Clear Skies Ahead: Climate Stability and Policies in Michigan Mitigate Risk

By MEDC Communications December 1, 2022

In an era of severe supply chain disruption, climate change and natural disasters are at the forefront of risk mitigation for corporate location decisions. In fact, a 2022 report by the Site Selectors Guild names climate change, environment and sustainability as the top factors predicted to rise in importance of site selection by 2032.

Michigan, ranked the No. 1 Best State for Climate Change, is building on its steady climate and low natural disaster susceptibility by enacting policies and initiatives to improve climate change resilience, in turn extending its steady meteorological climate to a competitive business climate.

Hartwick Pines State Park in Grayling



Companies located in Michigan have the advantage of being in one of the most stable climates in the United States. According to the National Oceanic and Atmospheric Administration (NOAA), Michigan declared just 46 “billion-dollar events” in the past 42 years. Billion-dollar events are defined as natural disasters that cause more than $1 billion in direct losses.

The Great Lakes State’s number of billion-dollar events is one of the lowest in the Upper Midwest – compared to Iowa (68), Wisconsin (50) and Minnesota (48) – and among neighboring states Illinois (104), Ohio (83) and Indiana (82). States in other parts of the country report a high number of billion-dollar events as well, such as Texas (105), South Carolina (86), Georgia (104) and Tennessee (94).

According to data sourced from NOAA, Michigan’s unique split formation offers a low natural disaster risk, with the lower and upper peninsulas keeping cool temperatures and retaining its natural surroundings.


Michigan is advancing its competitive edge beyond low natural disaster risk by proactively instituting initiatives that curb climate change. The Great Lakes State was recognized in 2021 as a top state in sustainable development practices and was the top state with the highest energy job growth.

“As extreme weather events unfortunately become more frequent, Michigan’s relatively stable climate and abundant freshwater are becoming more attractive to individuals and companies looking to put roots down in a beautiful environment,” said Quentin L. Messer, CEO of the Michigan Economic Development Corporation (MEDC) and President and Chair of the Michigan Strategic Fund. “Michigan is committed to more aggressively presenting its case for being a climate change winner. We are working with businesses to reduce carbon emissions, promote clean energy jobs and support the infrastructure to prevent and prepare for natural adversities. These actions, including implementation of Governor Whitmer’s MI Healthy Climate Plan, will ultimately prepare Michigan residents and companies to thrive in our four-seasons climate while elevating the lives of Michiganders and Americans nationwide.”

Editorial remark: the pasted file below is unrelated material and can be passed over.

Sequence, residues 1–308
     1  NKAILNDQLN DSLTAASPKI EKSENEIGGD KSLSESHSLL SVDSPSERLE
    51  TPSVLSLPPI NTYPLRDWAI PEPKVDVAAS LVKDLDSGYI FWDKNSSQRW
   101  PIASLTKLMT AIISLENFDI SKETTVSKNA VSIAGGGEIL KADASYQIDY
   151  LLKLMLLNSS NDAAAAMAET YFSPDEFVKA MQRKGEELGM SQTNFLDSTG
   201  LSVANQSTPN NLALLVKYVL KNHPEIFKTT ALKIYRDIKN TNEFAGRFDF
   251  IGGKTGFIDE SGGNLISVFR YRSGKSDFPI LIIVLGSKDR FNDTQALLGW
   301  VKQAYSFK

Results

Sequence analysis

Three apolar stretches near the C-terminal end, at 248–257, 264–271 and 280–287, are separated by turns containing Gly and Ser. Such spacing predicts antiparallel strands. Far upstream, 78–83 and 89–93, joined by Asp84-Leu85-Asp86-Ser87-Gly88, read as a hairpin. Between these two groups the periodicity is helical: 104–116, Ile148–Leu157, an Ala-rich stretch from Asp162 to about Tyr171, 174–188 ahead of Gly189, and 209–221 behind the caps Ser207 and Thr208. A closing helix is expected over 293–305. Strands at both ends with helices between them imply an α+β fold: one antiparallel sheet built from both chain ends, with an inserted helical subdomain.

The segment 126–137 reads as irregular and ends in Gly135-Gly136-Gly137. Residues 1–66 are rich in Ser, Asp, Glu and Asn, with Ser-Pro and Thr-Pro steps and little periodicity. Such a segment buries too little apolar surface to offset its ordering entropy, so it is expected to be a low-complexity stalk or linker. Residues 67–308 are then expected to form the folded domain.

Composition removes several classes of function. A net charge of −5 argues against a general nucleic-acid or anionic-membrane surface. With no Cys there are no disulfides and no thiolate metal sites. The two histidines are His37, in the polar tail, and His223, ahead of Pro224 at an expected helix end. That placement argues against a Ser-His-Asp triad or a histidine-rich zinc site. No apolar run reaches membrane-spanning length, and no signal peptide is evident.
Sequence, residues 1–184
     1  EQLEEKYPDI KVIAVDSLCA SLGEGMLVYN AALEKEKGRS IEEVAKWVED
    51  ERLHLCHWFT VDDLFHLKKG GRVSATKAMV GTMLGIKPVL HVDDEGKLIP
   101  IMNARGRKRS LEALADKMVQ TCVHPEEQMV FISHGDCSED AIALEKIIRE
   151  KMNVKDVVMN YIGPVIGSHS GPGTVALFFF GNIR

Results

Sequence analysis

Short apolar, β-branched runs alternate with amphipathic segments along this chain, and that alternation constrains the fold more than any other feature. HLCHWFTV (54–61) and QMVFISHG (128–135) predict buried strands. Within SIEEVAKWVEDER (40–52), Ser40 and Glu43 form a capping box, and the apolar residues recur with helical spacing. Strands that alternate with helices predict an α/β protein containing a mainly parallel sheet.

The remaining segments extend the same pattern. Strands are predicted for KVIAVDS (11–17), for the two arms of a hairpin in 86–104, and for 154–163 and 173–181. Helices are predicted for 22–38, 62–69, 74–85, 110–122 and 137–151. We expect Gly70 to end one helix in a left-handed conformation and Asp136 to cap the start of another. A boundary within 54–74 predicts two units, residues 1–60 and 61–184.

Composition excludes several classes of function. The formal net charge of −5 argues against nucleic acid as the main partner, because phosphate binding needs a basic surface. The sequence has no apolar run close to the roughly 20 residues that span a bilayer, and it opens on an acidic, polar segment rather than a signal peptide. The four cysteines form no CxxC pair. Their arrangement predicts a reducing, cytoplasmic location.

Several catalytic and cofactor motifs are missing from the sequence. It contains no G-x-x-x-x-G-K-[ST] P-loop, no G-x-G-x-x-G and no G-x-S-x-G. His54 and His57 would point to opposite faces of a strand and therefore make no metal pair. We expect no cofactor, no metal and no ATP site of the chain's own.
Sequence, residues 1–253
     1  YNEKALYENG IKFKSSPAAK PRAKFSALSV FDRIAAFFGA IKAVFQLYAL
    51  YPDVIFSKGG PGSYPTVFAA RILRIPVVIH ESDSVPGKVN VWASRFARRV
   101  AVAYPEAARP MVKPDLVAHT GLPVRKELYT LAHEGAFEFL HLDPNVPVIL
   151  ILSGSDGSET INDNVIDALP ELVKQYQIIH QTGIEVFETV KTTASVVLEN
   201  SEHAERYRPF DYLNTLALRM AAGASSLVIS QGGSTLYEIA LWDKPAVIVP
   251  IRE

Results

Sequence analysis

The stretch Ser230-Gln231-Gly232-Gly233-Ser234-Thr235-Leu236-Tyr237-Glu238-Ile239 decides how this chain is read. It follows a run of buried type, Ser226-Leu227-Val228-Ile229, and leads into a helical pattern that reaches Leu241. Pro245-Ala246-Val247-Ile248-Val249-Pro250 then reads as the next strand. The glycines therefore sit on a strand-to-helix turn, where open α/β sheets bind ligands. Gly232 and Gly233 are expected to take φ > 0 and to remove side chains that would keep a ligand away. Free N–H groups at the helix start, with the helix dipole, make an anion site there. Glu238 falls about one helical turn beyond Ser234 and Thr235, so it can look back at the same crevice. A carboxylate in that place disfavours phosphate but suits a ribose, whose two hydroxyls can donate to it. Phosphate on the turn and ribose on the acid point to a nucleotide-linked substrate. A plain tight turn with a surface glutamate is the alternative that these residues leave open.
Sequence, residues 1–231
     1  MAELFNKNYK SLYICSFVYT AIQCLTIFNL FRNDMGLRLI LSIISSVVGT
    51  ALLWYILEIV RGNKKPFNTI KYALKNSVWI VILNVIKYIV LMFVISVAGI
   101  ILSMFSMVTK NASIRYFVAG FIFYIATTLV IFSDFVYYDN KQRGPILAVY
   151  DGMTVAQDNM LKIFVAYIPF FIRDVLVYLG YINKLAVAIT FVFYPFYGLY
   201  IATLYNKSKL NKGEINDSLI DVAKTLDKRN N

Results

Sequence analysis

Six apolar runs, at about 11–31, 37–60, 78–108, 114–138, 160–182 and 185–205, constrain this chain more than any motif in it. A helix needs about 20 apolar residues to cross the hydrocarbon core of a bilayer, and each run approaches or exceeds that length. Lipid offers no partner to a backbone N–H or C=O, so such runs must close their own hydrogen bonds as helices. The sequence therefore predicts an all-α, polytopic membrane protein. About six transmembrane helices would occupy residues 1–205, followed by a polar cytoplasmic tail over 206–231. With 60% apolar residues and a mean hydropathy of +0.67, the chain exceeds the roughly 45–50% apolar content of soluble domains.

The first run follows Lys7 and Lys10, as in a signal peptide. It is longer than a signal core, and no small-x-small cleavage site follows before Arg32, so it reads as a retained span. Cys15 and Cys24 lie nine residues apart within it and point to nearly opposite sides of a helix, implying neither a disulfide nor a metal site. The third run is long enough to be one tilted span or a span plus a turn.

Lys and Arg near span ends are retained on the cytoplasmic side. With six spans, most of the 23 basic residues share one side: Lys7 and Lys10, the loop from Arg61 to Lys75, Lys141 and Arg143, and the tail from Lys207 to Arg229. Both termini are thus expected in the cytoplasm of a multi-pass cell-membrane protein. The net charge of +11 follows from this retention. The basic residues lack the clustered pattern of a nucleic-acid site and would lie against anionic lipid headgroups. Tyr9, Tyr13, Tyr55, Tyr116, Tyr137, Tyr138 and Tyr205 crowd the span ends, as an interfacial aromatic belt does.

The MI Healthy Climate Plan is a roadmap to achieve carbon-neutrality by 2050, with a short-term goal of reducing emissions 52 percent by 2030. The state created an Office of Climate and Energy and a Council on Climate Solutions to oversee, advise and implement the MI Healthy Climate Plan. The plan has already played a significant role in attracting investment in the state, including a $1.6 billion investment by home-grown Michigan company Our Next Energy for its first-ever battery manufacturing campus in Van Buren Township.

Climate scientist Jonathan Overpeck says the plan is the “aggressive climate action needed to stave off climate change disaster in Michigan.” Overpeck adds that the University of Michigan, where he serves as Dean of the School for Environment and Sustainability, “is committed to carbon neutrality and will utilize shallow geothermal heating and cooling in addition to renewable energy, battery storage, electrified mobility, building energy efficiency upgrades and other rapidly improving technologies to do the job.”

Other university, corporate and utility partners across Michigan are implementing sustainable initiatives as well. Consumers Energy, the state’s largest energy provider, calls for zero-methane emissions from its natural gas delivery system by 2030 and to go coal-free by 2025. Detroit’s DTE Energy has also committed to achieve net zero greenhouse gas by 2050. The DTE Gas Net Zero Plan will reduce carbon emissions by 6 million metric tons per year ― the equivalent of taking 1.3 million cars off the road.

These new initiatives equal new opportunities. Based on a new report from Clean Jobs Midwest, Michigan’s clean energy workforce is nearly 120,000 strong, up 5.6% compared to 2020. The total employment in the field is projected to increase by 7.5% between 2020 and 2030.

Downtown Grand Rapids


Michigan understands that the one of the most critical ways to mitigate risk is investing in the state’s infrastructure. Dr. Parag Khanna, Founder and Managing Partner of FutureMap and Climate Alpha, argues in MEDC’s podcast, The Michigan Opportunity, that Michigan will be the place to be in 2050 due to its forward-thinking on infrastructure and climate resiliency.

Michigan “isn’t just an American industrial hub, it’s also the midpoint of this Chicago-Toronto corridor in what will be a ‘North American union,’” said Khanna. “We’re going to integrate ever more in functional ways: infrastructure, trade, mobility of people, sharing of resources, water and electricity. That’s the way to think about Michigan: an incredibly stable geography environmentally at the heart of this North American super continent.”

Governor Gretchen Whitmer is advancing Michigan’s infrastructure by signing the largest investment – $4.7 billion – in the state’s history. The plan will provide $645 million to improve transportation, $2 billion to improve water, $450 million to improve state parks and $250 million to improve high-speed internet infrastructure in every region of the state.